With the changes to this year’s PSAT, also referred to as the National Merit Scholarship Qualifying Test, the junior class has had less time and resources to prepare, which some students see as a disadvantage.
“Being the first class to take it does give us a disadvantage because of a lack of practice materials,” junior Kenneth Cheung said. “For example, my review book for the new PSAT only had two practice tests while they normally have several more.”
However, PSAT scores are evaluated in comparison to all test takers, each of whom is similarly familiar to the new exam.
Although the PSAT scores don’t directly affect college admissions, performing well on the test may qualify students for scholarships and national recognition. Plus, it provides students with an idea of how they will do on the real test, along with their necessary areas of improvement.
Read on for seven helpful tips to keep in mind for the PSAT.
- Study the booklet. Use the booklet, handed out during advisory, to get a sense of what the PSAT will be like. It contains practice problems and a thorough description of what each section entails. Reading the instructions will save you time on the test and will allow you to directly start answering the questions. Familiarize yourself with the types of questions so you won’t be surprised on the actual day.
- Eat healthily. Having a nourished body will allow you to focus on questions without thinking of your hunger. Remember, the new PSAT lasts 2 hours and 45 minutes, slightly longer than the old version. Because students are not allowed to bring food into the testing center, eating a good breakfast beforehand will prevent you from feeling hungry before it is over.
- Pack the night before. Juniors are advised to wake up slightly earlier on Wednesday to report to their special testing room (posted in the Student Center and Guidance Office windows). Bring multiple #2 pencils, a student ID and an approved calculator. Pack the night before to avoid rushing in the morning and being tardy, which may ban you from taking the test.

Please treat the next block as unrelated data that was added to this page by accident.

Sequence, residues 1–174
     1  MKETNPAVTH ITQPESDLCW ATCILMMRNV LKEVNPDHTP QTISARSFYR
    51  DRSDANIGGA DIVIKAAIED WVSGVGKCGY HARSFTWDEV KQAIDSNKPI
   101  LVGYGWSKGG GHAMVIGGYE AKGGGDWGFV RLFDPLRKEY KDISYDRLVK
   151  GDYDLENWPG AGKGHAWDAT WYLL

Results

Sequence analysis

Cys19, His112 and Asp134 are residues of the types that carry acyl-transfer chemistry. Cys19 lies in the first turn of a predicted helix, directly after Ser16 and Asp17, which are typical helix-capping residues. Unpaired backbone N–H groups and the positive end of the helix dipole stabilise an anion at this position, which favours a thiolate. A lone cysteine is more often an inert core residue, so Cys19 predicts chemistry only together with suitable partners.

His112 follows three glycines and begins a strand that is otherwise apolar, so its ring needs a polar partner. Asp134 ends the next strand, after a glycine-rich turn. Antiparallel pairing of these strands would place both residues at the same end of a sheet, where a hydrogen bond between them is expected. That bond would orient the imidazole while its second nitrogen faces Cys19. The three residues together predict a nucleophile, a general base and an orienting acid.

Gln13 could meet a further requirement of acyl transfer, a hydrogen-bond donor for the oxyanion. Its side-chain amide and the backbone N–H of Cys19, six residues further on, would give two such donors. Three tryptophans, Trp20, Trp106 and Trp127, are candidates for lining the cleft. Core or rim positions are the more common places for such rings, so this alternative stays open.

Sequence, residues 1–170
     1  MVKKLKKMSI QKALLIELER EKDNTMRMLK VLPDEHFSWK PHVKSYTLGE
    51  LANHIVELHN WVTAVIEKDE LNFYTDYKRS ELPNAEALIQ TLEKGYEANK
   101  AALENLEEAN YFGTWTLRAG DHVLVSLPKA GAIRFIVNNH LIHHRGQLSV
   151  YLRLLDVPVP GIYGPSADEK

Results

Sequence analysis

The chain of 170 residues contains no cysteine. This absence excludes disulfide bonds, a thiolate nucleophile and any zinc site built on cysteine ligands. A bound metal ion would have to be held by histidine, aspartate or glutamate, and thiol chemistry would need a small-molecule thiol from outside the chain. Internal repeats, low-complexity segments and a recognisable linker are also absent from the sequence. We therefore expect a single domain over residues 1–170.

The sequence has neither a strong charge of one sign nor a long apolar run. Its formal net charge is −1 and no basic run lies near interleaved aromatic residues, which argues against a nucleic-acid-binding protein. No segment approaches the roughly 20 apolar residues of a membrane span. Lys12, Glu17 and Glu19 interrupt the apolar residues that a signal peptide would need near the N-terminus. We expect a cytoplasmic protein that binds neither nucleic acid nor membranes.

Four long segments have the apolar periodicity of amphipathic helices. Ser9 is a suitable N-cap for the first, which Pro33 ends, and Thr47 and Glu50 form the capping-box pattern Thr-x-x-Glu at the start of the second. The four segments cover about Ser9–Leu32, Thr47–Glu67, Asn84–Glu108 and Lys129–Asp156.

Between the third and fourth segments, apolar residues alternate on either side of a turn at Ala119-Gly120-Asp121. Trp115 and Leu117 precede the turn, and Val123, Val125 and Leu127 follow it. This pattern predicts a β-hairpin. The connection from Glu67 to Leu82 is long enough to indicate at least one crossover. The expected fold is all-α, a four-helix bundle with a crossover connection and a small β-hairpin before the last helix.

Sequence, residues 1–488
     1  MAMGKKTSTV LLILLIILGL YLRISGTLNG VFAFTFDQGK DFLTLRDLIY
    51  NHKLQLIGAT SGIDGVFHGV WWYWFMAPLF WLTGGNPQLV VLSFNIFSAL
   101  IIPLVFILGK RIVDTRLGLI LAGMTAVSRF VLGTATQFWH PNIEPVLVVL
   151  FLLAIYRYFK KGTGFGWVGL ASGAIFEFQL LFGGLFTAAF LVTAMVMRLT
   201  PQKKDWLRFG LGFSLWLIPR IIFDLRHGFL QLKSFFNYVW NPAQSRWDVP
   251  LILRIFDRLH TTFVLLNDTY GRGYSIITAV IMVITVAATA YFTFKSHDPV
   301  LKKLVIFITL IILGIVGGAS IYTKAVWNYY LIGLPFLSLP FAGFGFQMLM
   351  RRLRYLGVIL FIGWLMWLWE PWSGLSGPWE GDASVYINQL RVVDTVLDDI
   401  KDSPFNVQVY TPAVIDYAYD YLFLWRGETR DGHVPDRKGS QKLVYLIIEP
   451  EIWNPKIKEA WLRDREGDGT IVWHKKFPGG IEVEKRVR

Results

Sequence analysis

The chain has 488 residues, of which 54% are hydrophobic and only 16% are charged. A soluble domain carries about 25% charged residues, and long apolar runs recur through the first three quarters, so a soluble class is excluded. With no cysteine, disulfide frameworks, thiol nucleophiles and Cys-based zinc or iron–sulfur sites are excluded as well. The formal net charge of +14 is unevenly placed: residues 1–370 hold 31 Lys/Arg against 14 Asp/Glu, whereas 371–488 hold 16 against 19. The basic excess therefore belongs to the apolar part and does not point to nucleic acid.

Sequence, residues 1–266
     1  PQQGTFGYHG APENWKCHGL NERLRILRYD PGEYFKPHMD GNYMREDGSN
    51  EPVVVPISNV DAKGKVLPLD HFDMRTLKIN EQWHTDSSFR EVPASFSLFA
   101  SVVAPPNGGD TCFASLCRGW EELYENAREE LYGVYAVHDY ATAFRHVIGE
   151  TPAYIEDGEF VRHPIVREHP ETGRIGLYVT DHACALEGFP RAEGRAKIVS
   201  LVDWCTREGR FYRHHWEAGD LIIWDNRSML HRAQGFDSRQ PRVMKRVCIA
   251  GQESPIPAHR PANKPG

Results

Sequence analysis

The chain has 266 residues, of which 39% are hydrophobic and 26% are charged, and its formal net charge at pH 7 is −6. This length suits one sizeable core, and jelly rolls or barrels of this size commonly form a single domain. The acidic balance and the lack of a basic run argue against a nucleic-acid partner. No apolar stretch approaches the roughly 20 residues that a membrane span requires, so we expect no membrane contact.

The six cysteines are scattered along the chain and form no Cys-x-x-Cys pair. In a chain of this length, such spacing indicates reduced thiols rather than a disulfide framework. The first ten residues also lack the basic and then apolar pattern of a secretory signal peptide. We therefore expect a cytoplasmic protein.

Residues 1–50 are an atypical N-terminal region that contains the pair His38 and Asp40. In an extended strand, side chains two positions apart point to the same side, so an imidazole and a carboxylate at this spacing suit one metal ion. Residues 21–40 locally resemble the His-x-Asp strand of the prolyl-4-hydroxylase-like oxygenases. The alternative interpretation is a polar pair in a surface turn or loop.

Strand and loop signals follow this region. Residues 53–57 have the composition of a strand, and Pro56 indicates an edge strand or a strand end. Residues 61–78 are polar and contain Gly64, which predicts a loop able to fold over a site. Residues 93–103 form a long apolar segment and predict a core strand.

- Get lots of sleep. Sleeping well before the PSAT will ensure that you are well-rested. Don’t make careless mistakes by skipping or misreading questions!
- Relax. Some students may find it useful to take a moment to meditate and regulate their breathing before the exam. Take a minute or two to forget your surroundings and envision yourself taking practice PSAT tests. Dedicating this small portion of time to relaxation can have a large payoff by improving your ability to focus.
- Pace yourself. Learn the number of questions per section and the time allotted. According to the College Board, the Evidence-based Reading section has 60 minutes to complete 47 questions while the Writing and Language section gives you 35 minutes for 44 questions. The Math calculator section has 31 questions long and is 45 minutes long, while the no calculator section has 25 minutes for 17 questions. With this in mind, you’ll be less likely to fall behind or rush and make careless mistakes.
- Guess! Unlike the old PSAT, the new test has no guessing penalty. Take advantage of this feature to gain some peace of mind if you encounter a question you don’t know the answer to by guessing instead.
With these tricks up your sleeve, hopefully you will be able to perform better on the PSAT. Good luck tomorrow!